The May issues has mail-in postcards. The creative technology people at MOAA created a way to have those post cards pre-addressed to our Tennessee representatives and senators and even with our own return addresses. They just need signatures and stamps. The primary issues this month is to work up solutions to the issues of limited space at Arlington National Cemetery (ANC). There are about 1/3 of a million burials there now, and space is not unlimited. The need for a second location cannot be put off forever, and MOAA is advocating for planning and development.
As of now, there are some 155 veteran’s cemeteries at the federal and state levels. We have some of them here in Tennessee – 7 if I count correctly. As this month ends, we will have our own Memorial Day observance at the Tennessee State Veterans Cemetery near Pegram. Come out for it, and let the wonderful work done there remind you that the solution to eventual filling up of ANC is an important matter for us to discuss and press for future solutions.
Please send in those postcards, and save the addresses for letters you may want to write now and in the future. If you run into a representative or senator, be ready to express what is important to you. We are all advocates for the interests of each other.
Hello, Everyone. I had to make a surprise trip to the United Kingdom that lasted far longer than anticipated. It related to the terminal illness of a close friend who was a retired Surgeon Captain from the Royal Navy. We had been neighbors in both England and Connecticut. I also conducted his burial before returning to Tennessee.
Reflecting on that time, what I learned is how very much better we who are retired relate to our service than the British forces do. When they retire, they are almost forgotten and have little to show for it than their pension. There are no matching programs like the VA provides for medical care or disability. Veterans and retirees are also not held in esteem in the community at the level we enjoy in the USA. In this case, I discovered that there is no decedent affairs situation available and there are nothing resembling veterans’ cemeteries or the many VA benefits.
It reminds me of something that few of us remember. When we retire as officers, we are still members in our services with our duty being the retired list and the potential to be recalled. If that were not true, we could not receive our retirement pay – which is actually delayed pay for our services. A long list of other benefits accrues for us with our retired ID being the key to accessing it. In the Royal Navy, you just retire and are gone and your health care reverts to the National Health Service. It is a wholly different situation in the UK, and we should value what we have here in the USA.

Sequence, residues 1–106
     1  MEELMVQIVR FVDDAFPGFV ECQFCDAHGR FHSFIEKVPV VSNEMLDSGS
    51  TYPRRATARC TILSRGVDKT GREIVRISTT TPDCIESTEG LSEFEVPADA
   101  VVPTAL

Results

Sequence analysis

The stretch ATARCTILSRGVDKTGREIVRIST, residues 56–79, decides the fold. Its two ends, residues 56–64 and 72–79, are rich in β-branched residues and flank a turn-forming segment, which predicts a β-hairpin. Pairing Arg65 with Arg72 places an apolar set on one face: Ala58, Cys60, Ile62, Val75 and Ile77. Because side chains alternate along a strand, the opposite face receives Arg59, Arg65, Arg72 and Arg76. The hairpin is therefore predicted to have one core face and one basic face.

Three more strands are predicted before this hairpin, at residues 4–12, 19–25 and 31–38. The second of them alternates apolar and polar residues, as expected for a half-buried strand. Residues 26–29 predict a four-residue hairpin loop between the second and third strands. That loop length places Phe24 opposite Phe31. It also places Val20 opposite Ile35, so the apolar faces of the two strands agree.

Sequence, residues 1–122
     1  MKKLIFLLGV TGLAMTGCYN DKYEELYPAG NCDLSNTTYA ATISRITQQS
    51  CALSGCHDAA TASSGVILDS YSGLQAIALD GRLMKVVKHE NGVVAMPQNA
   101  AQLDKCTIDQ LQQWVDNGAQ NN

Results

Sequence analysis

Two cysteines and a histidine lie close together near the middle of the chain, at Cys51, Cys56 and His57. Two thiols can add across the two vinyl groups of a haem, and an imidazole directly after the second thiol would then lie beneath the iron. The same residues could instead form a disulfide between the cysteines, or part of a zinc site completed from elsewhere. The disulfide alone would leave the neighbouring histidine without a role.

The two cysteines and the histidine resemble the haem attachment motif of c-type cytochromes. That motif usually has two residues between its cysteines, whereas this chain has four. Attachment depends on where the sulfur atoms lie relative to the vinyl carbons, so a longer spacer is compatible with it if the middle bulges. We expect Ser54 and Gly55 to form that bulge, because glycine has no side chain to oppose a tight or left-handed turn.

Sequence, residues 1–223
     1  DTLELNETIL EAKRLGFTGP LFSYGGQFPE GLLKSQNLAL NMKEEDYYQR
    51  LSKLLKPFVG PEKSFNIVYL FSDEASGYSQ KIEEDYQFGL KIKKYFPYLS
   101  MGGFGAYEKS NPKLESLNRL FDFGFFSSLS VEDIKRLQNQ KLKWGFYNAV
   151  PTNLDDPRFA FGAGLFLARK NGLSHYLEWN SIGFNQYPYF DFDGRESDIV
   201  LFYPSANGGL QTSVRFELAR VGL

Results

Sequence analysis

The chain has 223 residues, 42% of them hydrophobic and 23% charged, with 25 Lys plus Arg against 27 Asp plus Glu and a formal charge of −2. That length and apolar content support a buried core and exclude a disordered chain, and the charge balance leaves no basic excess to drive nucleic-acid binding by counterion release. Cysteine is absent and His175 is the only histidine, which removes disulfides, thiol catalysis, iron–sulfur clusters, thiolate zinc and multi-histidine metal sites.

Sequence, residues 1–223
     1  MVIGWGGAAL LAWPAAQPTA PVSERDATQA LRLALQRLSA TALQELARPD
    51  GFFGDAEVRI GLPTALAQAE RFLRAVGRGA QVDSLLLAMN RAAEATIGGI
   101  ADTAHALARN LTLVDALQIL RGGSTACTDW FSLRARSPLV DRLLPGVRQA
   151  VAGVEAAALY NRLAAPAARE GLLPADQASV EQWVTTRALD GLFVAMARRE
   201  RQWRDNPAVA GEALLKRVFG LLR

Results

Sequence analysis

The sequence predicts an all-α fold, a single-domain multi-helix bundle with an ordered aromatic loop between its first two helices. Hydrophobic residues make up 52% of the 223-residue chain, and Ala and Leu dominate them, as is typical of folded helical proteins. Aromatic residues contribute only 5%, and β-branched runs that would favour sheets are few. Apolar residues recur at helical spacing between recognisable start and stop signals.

Back in the Fall, I wrote about the Federal Budget which finally passed in late December. When we think of legislative advocacy, the financial aspects are never far away. A proposal in a December 2022 CBO Report received significant attention on social media in recent weeks as it suggested reducing VA benefits for veterans with higher incomes – an affluence test -- enough that it was raised and rebuked during VA Secretary Denis McDonough’s press conference on 23 March.
Shortly after the CBO Report was released, MOAA wrote how the CBO options include potential cuts to military spending, veterans’ benefits, and TRICARE. The CBO Report is published at the start of each new Congress for the past 12 years, provides lawmakers with options to reduce the deficit through spending cuts and ways to increase revenue. The nonpartisan CBO has no say in political objectives and is simply fulfilling its mandated mission to provide these advisory reports. The CBO Report is important to congressional members, because only 18% of Congress has ever served in uniform.
While the notion of means-testing VA disability pay is concerning, no legislation to that effect has been offered in either chamber nor has the proposal been a part of any administration budget plans.
MOAA’s vigilance and dedication on these issues, and any others that may seek to decrease or eliminate service-earned entitlements, are codified in our motto, "Never Stop Serving." MOAA’s mission is clear: To preserve and protect earned benefits for our uniformed services, veterans, their families, and surviving spouses through advocacy, leadership, education, and service.
Advocacy-in-Action Week comes at the end of April. Within that week, MOAA leaders from around the country will visit congressional leaders on Wednesday 26 April as part of the annual meeting of Council and Chapter Presidents.
Electronic Voting for Active Duty (Discussions ongoing with TN Secretary of State).
Medical Cannabis (SB1104/HB1441) – (Bills were not advanced – issue is dead for 2023).
Restoration of the Second Free Auto License Plate for 100% Disabled Veterans (SB1162/HB0700)
Identify and Implement Processes/Procedures on Veteran Hiring (Discussions underway with TN Department of Veterans Services on how to proceed).
Other Important Veterans Bill of Interest:
Veterans Bill of Rights (SB376/HB446) Focuses on six key areas:
Access to Jobs
Access to Mental Health Services
Access to Degrees, Certifications and Occupational Licenses
Access to Housing
Access to Healthcare
Annual Reports and Recommendations
We ask all Chapter members to reach out to their state legislators and ask that they support this piece of legislation. It has the capability to provide extensive support to veterans in the state.
MOAA National Advocacy in Action Priorities :
Restore Basic Allowance for Housing (BAH) to 100% - currently only 95% of housing costs are covered.
Reverse TRICARE Pharmacy Cuts – the TRICARE retail pharmacy network shrunk nearly 25% recently due to contract changes by the Defense Health Agency